immortal wishes:
labor and transcendence
on a Japanese sacred mountain

Ellen Schattschneider

Duke University Press (2003)



Sacred Beings


Like Jizo, Kannon (Sanskirt: Avalokitesvara; Chinese: Kuan Yin) is an important Bodhisattva, an incarnation of the Buddha who has voluntarily renounced Enlightenment in order to guide lesserbeings though the realms of existence. In Japan, as in China, Kannon is usually depicted in female form.

In the Tsugaru region, as in many other regions in Japan, there is a popular pilgrimage through thirty-three major Kannon sites. The members of Akakura Mountain Shrine undertake this pilgrimage every June.

There is also a line of thirty-three kannon statues stretching up the left ridge of the Akakura gorge culminating in a large Shokannonsama statue near the mountain's summit, an important route of mountain shugyo (ascetic discipline). This large statue was carved, and carried to the summit, by the foundress' brother.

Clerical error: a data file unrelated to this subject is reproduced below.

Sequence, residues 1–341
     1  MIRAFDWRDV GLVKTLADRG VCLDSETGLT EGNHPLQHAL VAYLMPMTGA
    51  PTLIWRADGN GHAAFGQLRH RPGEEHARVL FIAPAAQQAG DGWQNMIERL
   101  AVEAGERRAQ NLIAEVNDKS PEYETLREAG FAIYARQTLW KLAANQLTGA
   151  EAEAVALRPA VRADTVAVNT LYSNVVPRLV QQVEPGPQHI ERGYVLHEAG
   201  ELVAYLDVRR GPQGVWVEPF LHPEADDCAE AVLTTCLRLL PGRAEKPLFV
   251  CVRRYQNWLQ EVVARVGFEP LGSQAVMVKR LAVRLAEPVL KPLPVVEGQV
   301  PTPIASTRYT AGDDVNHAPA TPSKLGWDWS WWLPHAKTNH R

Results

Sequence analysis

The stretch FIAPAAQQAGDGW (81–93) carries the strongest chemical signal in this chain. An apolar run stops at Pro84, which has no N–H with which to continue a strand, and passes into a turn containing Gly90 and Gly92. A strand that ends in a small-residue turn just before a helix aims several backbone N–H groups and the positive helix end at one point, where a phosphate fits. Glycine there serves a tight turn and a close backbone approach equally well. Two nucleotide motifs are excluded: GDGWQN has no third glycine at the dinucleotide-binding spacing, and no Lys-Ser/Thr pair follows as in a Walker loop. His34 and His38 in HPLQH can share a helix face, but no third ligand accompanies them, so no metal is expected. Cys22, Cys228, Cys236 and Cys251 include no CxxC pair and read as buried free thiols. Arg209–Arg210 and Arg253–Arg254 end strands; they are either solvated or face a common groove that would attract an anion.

Finally, there is an assemblage of thirty three small kannon statues in the rear area of Akakura Mountain Shrine, centered around a large statue of Kannon. This area functions as the ritual center of the Ancestral Memorialization (Senzo Kuyo) ceremony each October.

See: Statues of Kannon at Akakura

See: List of the 33 sacred Kannon sites of the Tsugaru region

Kannon statue at rear of Akakura Shrine complex


Internet Resources on Kannon

Kannon: Japanese Buddhist Corner

Guide to Japanese Buddhist Statues (Soto Zen): Kannon

Contains a helpful diagram on the different sections of Sho-Kannon statues.

Goddess of Compassion: Kuan Yin

This website contains some of the work of Japanese-American printmaker Mayumi Oda, whose artistic visions emphasize goddess symbolism.


Website developed by Ellen Schattschneider (Brandeis University)